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7 Things School Teaches Kids About Real Life

August 28, 2014 | by Mordechai Schmutter

As a teacher my students always ask me what school teaches them about real life. Here’s what.

It’s back to school time! And if you’re a student, I bet this is news to you.

“Back to School?  Again? There are twelve months! Why do we have 10 months of school and 2 months of summer vacation? We should at least do 6 and 6! Or 2 and 10.”

Well, that’s kind of like saying that recess should be for half the day.

“Recess SHOULD be for half the day!”

1.How to write quickly while someone else is talking.

But of course you have to go to school, so you can learn things that you need to know once you get out into the real world.

“Wait, so you’re taking me out of the real world for the majority of the year to teach me things I need for the real world? Also, I’ve been out in the real world, during my tiny vacations, and not once did anyone ask me to explain the Civil War, or to make a tiny volcano, or to confiscate a linking verb.  Whatever that is.”

Boy, do you kids like interrupting my articles.

I’m actually a teacher at a Jewish high school in real life, and I constantly find myself arguing with students who are absolutely sure they’re not going to use any knowledge at all in real life.  And they haven’t even decided what they’re going to do with their lives. Apparently, they want no one to teach them anything until they decide, so they can make their decisions based on no information.  I can say, “Well, if you do X for a living, you’re going to have to know Y,” and they’ll say, “Oh.  Then I don’t want to do X for a living.”  Good luck searching the world for a career that you won’t have to use any knowledge for at all.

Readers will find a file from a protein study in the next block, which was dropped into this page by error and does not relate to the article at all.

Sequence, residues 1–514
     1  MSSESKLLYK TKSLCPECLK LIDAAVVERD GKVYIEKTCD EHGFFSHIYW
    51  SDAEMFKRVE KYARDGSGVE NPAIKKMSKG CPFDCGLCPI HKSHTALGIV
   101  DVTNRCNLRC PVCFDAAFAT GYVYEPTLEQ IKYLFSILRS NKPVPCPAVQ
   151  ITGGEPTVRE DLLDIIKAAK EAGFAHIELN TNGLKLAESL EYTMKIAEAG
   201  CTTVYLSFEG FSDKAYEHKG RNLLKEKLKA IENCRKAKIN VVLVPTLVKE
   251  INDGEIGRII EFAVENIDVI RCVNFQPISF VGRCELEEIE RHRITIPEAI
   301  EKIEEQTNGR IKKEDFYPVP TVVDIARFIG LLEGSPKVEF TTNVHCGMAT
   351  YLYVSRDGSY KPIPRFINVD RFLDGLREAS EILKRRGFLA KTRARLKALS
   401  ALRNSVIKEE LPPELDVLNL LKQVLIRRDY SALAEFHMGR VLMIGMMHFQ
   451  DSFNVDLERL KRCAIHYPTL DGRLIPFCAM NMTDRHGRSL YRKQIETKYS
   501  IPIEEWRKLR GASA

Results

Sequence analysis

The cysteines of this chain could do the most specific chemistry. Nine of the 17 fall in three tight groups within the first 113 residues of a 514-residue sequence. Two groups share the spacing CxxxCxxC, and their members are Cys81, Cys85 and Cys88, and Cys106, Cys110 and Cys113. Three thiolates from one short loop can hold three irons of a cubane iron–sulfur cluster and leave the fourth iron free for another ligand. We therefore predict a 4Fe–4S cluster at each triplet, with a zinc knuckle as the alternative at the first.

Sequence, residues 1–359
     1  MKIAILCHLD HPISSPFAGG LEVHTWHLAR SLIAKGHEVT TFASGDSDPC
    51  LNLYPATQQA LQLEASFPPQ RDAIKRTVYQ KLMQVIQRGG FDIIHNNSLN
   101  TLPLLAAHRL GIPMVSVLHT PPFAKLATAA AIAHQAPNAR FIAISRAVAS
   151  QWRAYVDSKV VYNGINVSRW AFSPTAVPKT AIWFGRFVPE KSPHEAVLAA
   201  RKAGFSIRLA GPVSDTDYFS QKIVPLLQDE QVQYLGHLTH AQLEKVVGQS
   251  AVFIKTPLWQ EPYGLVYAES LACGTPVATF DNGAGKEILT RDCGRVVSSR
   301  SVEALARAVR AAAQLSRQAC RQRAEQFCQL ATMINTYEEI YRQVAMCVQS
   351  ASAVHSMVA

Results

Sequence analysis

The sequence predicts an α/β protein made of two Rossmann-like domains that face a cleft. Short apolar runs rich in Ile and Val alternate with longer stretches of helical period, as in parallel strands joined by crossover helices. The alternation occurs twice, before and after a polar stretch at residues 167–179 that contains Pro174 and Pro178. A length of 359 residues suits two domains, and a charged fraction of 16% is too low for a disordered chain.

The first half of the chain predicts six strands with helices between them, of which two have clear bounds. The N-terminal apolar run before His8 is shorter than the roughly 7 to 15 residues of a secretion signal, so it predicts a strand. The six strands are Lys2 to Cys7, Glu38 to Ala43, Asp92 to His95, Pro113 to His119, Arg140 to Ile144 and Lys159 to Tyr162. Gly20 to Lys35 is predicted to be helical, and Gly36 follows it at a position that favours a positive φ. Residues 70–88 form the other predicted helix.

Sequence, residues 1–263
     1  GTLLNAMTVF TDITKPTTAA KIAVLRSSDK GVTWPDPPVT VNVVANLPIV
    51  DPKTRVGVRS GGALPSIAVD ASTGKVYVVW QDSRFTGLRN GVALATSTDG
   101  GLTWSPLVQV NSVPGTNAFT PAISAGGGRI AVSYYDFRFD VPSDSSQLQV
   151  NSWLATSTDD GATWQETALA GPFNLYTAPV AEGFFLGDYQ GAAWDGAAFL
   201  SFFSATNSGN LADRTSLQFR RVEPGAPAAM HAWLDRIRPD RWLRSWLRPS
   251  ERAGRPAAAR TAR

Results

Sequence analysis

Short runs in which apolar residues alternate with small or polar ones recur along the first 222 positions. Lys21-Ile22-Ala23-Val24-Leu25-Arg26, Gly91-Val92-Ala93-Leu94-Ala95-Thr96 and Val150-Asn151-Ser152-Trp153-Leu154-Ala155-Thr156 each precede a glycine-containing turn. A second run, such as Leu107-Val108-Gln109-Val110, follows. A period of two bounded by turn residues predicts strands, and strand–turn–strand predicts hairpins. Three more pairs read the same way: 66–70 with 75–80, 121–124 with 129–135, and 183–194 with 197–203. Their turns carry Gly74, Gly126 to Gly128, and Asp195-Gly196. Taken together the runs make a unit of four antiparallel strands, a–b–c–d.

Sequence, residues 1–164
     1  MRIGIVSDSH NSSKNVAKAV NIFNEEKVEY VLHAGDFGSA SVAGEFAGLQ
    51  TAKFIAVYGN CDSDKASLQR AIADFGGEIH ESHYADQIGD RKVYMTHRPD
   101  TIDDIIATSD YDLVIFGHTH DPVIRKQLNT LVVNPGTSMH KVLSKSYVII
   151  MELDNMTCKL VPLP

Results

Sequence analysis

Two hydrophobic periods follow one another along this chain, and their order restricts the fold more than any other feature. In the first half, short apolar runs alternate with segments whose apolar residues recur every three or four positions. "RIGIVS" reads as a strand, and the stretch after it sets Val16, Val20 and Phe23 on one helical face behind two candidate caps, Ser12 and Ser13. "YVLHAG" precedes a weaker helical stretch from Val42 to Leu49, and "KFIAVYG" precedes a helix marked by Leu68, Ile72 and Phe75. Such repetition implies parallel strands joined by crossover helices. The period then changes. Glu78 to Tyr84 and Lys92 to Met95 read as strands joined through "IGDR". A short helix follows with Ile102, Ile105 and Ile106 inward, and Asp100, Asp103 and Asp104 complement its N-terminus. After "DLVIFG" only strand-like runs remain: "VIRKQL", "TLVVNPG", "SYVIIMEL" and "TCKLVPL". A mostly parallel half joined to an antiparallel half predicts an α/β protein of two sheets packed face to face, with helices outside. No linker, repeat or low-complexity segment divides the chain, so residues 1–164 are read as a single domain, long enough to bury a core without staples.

Because that’s the secret of school that I don’t want to tell them (Don’t worry, they don’t read anything I write anyway): Most of what you learn in school isn’t even in the textbooks. The book knowledge is just a framework to learn these other skills that you’ll need for life, no matter what you do for a living such as:

1. How to write quickly while someone else is talking and not miss any of what he said because you were writing. Best case scenario, you’re always at least one word behind. And he just keeps going. It’s like the teacher isn’t even aware that people are writing down what he’s saying.  He can’t be. If he let himself be aware of it, he’d be very uncomfortable. Imagine if every time you said something, everyone around you wrote it down. 

“Did you write that down? Are you writing down what I’m asking you right now?! Stop writing! This isn’t on the test!”

2. How to manage your time when you’re not in charge of it – There’s your wife, your kids, your boss, your shul, and your kids’ school (you thought you got out of school years ago, but it’s still there, ruling your life), and they’re all making demands on your time, and none of them seems to be aware that the other ones exist.  And it’s up to you to figure out how to juggle it but still keep that unawareness intact.  This is a skill that builds slowly as you advance through the grades, which is why, every year, they keep saddling you with more and more teachers at a time, to the point that you have about forty teachers, and all of who, you’re convinced, are coordinating their schedules so that they all give finals on the same day.